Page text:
In new guidance this week, the CDC said facilities facing a "crisis" should consider options to combat shortages that "are not commensurate with US standards of care."
That includes re-using masks as well using "homemade ones" from materials like bandanas and scarves.
Hospitals from across the country have already reported they've had to get creative with how to make more masks and make them last longer.
Some have gotten creative with hospital facilities too --- with one Washington state community getting ready to open a 200-bed hospital on a soccer field. And de Blasio said the city will use "every building we can... to become essentially annexes to hospitals."
"Supplies are a major issue -- (personal protective equipment), gloves, gowns, mask suppliers," Cuomo said Friday. "I am now asking all product providers, all companies who are in this business, we will pay a premium for these products."
That's not all. Some facilities, including in New York, have drastically upped their orders for ventilators.
Michael Dowling, president and CEO of the Northwell Health, was picked by New York's governor to lead a hospital surge team. He said he wants to purchase as many as 500 ventilators, which can cost $20,000 to $40,000 a machine.
The coronavirus outbreak in Italy -- whose health care system has more hospital beds per 1,000 people than the United States -- could signal a lack of preparedness in the US, according to commentary published this week in the New England Journal of Medicine.
"Though Italy's health system is highly regarded and has 3.2 hospital beds per 1,000 people (as compared with 2.8 in the United States), it has been impossible to meet the needs of so many critically ill patients simultaneously," Dr. Lisa Rosenbaum, a cardiologist at Brigham and Women's Hospital in Boston, wrote in the piece.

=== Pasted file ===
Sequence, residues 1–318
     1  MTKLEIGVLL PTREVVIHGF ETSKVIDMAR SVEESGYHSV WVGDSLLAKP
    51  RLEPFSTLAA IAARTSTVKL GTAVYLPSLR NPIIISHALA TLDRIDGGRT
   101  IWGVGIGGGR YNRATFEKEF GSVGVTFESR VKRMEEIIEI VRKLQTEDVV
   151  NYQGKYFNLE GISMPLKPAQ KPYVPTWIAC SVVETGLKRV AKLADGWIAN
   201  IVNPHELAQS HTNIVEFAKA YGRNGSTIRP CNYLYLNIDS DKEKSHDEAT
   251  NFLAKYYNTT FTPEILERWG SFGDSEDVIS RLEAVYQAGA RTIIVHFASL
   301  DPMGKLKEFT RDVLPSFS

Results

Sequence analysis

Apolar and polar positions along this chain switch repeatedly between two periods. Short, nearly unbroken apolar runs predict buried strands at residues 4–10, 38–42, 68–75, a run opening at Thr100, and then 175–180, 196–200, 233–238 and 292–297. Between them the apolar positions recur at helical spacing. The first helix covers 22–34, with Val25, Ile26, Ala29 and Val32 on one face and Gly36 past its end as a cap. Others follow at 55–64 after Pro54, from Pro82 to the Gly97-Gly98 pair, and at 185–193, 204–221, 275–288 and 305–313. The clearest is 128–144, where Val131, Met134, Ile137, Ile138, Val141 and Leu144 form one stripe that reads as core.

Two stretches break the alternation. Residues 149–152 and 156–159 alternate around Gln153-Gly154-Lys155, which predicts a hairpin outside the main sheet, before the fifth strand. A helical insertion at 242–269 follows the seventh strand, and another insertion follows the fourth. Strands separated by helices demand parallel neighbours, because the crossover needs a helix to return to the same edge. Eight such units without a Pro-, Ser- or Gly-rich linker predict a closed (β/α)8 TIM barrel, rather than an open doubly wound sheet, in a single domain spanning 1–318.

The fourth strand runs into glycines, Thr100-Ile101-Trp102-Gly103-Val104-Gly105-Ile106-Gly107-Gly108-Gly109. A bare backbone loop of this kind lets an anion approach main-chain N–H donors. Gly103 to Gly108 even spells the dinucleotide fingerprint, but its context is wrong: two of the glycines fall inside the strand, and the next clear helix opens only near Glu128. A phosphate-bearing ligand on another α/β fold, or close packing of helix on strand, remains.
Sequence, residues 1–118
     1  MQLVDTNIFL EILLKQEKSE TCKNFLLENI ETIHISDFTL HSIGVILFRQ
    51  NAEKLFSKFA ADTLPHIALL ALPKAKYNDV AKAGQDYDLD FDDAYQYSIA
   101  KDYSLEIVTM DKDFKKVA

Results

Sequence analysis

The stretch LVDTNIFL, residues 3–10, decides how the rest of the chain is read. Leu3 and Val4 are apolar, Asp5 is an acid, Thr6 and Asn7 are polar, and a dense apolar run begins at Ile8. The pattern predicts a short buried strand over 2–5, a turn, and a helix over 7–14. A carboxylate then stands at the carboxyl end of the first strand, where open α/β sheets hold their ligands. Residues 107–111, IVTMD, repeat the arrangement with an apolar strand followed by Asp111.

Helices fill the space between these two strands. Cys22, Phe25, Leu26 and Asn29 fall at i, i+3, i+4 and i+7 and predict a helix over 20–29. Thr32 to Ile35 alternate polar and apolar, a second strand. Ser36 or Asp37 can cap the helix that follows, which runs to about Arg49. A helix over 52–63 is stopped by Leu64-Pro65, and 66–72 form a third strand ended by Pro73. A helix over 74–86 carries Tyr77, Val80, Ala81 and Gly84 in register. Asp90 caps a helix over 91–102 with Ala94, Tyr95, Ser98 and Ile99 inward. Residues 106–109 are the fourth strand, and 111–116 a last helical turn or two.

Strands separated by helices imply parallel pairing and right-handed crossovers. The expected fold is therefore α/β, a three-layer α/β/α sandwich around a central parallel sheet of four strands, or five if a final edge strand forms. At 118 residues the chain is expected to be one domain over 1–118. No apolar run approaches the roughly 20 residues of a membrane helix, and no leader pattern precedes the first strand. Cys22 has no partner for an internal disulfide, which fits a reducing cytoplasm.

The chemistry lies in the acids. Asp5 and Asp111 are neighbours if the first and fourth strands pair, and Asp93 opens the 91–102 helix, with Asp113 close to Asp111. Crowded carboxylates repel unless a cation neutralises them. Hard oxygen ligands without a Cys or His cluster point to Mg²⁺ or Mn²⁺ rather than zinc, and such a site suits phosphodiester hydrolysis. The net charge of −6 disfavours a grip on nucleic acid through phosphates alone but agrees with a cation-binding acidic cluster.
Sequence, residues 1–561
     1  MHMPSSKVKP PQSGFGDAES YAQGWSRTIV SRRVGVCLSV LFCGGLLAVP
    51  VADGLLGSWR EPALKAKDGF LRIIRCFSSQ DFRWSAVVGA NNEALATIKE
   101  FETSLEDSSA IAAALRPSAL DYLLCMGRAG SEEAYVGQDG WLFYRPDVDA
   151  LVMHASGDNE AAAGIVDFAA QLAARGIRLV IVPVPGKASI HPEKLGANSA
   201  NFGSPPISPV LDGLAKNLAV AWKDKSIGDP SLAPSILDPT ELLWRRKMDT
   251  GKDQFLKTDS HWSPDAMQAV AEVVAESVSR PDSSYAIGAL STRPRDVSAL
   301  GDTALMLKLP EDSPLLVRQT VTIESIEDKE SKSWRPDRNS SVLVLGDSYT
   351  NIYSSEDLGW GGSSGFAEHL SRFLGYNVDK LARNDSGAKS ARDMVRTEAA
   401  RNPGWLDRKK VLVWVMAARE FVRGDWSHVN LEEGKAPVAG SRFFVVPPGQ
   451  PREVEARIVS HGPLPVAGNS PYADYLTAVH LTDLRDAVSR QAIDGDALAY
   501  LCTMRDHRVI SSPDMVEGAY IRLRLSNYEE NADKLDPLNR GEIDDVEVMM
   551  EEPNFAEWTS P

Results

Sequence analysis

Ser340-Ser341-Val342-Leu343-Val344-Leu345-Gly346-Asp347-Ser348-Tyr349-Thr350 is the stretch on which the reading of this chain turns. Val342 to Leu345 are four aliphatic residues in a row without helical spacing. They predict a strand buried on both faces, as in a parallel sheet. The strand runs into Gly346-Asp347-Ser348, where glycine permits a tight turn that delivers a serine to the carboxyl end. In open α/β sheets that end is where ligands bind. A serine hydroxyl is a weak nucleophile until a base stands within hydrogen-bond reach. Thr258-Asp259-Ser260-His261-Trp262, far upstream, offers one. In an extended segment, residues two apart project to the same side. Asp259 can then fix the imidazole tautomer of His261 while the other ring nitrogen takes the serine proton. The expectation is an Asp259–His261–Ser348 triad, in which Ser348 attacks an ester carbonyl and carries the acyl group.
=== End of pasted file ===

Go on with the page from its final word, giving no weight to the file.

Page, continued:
One expert told CNN earlier this week the US was "two months too late" in preparing.
"I really think this is a fundamental responsibility of government to have acted on this a long time ago," said Dr. Eric Toner, who studies hospital preparedness at the Johns Hopkins Center for Health Security.
Dr. David Hill, a pulmonary critical care physician and a spokesperson for the American Lung Association said staffing shortages will likely come even before equipment starts to run out.
"Part of it is just exhausting our personnel. Health care is complicated and people make mistakes when they're overworked," Hill said.
If health care workers get sick, "everything can fall apart very quickly," says Dr. Peter Hotez, professor and dean of the National School of Tropical Medicine at Baylor College of Medicine.
Hotez said he is, "especially worried now about our health care providers because we're starting to see those individuals become sick as well and be taken out of the workforce, or in some cases become seriously ill. So here's where everything can fall apart very quickly."
To combat a possible shortage in Georgia, Secretary of State Brad Raffensperger said he was taking action to expedite licensing for nursing professionals who come in from other states to help fight the spread of the virus.
"Fighting, defeating, and overcoming coronavirus in Georgia and across the country will require enlisting the help of the best and brightest medical professionals available" Raffensperger said in a news release.
And in New York and Connecticut, state leaders reached out to retired doctors and nurses to request help during the pandemic.